Ennis and Jack meet each other in front of a trailer office in Signal, Wyo., where they're hired by rancher Joe Aguirre (a properly dyspeptic Randy Quaid) to spend the summer watching over a large herd of sheep on Brokeback Mountain. Though both men are laconic and wedded to the cowboy life (Ennis wants to be a rancher, Jack a rodeo bull-rider), there are differences between them. Jack is the showier character, the livelier wire, while Ennis is somber and grounded, the boy orphaned young who never came to trust the world.
Alone in nature's grandness, they are drawn to each other almost without their knowing it's happening. When the intimacy between them takes hold, it is graphic, candid, unapologetic. As Proulx writes of a later kiss, passion seizes them "easily as the right key turns the lock tumblers." Yet, as the film is at pains to insist, it is a lonely passion that has no place in their world. Theirs is a bond unlike anything either man has known before: not because it's a same-sex relationship but because of the strength of the feelings involved. Their closeness perplexes, confounds and confuses Ennis and Jack; it's something they can neither explain nor control.
The summer ends and both men go off to the rest of their lives. Ennis marries his sweetheart Alma ( Michelle Williams), and Jack, moving to Texas, falls into a marriage with Lureen (Anne Hathaway), a rodeo rider with a well-to-do father. They think that what happened on Brokeback Mountain is over, but it is not. For what Ennis and Jack reluctantly come to realize is that, all unawares, they have stumbled into the great love of their lives, with all the problems and complications that implies for themselves and the others in their life. In a profound sense, because of the pressures of the time and place they live in, they are lost whether together or apart, riven by the agonizing longing they feel, by the chances not taken and the choices just out of reach.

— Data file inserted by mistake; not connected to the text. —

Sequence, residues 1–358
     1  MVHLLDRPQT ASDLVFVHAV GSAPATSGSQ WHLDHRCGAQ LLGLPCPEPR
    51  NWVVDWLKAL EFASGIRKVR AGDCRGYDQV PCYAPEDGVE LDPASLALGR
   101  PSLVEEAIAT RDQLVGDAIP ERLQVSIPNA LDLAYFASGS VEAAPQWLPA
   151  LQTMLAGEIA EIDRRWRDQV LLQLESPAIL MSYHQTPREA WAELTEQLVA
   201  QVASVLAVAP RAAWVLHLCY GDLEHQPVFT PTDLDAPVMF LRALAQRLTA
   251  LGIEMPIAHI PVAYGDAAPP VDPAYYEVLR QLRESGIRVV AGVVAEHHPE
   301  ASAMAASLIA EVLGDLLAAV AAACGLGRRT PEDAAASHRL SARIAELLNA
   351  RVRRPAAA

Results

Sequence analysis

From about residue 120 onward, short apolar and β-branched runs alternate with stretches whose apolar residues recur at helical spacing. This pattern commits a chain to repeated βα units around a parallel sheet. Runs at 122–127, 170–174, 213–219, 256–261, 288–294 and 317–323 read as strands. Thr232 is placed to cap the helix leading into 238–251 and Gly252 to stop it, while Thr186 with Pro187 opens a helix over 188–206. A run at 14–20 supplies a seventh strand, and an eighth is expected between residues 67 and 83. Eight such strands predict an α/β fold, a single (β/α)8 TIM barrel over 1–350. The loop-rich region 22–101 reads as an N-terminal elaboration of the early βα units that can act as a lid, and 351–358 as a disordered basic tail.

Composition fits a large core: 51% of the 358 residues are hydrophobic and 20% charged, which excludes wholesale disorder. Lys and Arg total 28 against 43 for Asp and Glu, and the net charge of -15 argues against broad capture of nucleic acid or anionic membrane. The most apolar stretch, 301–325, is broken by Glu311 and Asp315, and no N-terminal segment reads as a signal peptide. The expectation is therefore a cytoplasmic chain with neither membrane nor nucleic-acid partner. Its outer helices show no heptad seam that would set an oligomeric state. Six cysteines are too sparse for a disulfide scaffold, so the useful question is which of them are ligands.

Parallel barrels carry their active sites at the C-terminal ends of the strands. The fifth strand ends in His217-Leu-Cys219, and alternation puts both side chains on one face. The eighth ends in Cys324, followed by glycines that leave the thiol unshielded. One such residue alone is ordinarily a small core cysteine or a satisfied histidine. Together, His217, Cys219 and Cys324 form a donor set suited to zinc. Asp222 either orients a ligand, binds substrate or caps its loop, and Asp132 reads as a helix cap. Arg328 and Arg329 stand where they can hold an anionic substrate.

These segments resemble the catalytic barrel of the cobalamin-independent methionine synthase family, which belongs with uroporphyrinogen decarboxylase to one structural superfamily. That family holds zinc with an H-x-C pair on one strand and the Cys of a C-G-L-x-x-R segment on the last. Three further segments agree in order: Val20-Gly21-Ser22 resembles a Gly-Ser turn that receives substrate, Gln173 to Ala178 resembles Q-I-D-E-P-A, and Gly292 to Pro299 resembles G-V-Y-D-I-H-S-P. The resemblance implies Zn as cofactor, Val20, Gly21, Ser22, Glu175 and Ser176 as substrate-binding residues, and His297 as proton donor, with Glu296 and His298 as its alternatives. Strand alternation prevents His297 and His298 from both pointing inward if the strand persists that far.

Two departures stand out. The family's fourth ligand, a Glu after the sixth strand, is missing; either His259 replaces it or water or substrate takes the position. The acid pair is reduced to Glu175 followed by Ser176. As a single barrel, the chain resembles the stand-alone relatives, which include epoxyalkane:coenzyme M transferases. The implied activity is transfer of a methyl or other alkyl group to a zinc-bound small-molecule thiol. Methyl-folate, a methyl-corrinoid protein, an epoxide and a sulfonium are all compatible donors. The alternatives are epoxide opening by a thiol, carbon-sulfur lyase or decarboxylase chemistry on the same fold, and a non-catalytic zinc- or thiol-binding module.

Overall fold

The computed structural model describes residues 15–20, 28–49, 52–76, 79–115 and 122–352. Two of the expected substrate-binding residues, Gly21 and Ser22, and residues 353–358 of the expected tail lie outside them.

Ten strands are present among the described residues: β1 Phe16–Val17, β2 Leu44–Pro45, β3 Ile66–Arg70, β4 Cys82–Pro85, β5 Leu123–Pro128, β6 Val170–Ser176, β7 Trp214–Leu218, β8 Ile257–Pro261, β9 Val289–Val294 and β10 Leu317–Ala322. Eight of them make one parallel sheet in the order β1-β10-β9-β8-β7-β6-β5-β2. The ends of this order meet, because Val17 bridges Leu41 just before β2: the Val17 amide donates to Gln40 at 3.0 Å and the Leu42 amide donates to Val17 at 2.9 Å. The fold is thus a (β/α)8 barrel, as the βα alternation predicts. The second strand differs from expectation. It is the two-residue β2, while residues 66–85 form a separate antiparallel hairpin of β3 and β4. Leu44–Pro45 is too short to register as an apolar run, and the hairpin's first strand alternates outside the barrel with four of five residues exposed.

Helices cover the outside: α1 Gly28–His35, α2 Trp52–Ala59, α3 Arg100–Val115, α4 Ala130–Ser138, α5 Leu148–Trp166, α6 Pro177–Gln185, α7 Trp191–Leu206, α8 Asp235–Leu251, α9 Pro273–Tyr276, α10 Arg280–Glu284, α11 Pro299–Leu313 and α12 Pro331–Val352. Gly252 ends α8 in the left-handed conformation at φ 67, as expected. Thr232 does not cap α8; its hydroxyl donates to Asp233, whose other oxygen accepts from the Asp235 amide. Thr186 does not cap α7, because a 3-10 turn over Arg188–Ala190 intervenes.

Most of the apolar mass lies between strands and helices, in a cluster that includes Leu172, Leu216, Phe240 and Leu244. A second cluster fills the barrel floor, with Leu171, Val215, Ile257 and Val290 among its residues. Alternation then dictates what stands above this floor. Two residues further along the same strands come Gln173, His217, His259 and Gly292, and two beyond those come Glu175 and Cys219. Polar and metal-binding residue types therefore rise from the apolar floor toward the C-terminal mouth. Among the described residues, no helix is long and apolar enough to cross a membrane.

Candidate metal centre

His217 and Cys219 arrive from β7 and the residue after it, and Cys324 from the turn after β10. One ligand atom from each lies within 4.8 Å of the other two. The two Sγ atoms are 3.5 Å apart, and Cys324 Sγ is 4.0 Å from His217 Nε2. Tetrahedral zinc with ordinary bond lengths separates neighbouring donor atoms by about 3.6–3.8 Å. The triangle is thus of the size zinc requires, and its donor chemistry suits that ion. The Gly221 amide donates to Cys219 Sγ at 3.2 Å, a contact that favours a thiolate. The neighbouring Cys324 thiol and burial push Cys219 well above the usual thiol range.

"Brokeback Mountain" would not be the success it is without excellent acting across the board. Though he is hampered by an unconvincing aging job, Gyllenhaal brings a fine harum-scarum energy and feeling to Jack's character, and Williams, glummer than she ever was in "The Station Agent," illuminates all the corners of Alma's sadness. But, more than any of the others, Ledger brings this film alive by going so deeply into his character you wonder if he'll be able to come back. Aside from his small but strong part in "Monster's Ball," nothing in the Australian-born Ledger's previous credits prepares us for the power and authenticity of his work here as a laconic, interior man of the West, a performance so persuasive that "Brokeback Mountain" could not have succeeded without it. Ennis' pain, his rage, his sense of longing and loss are real for the actor, and that makes them unforgettable for everyone else.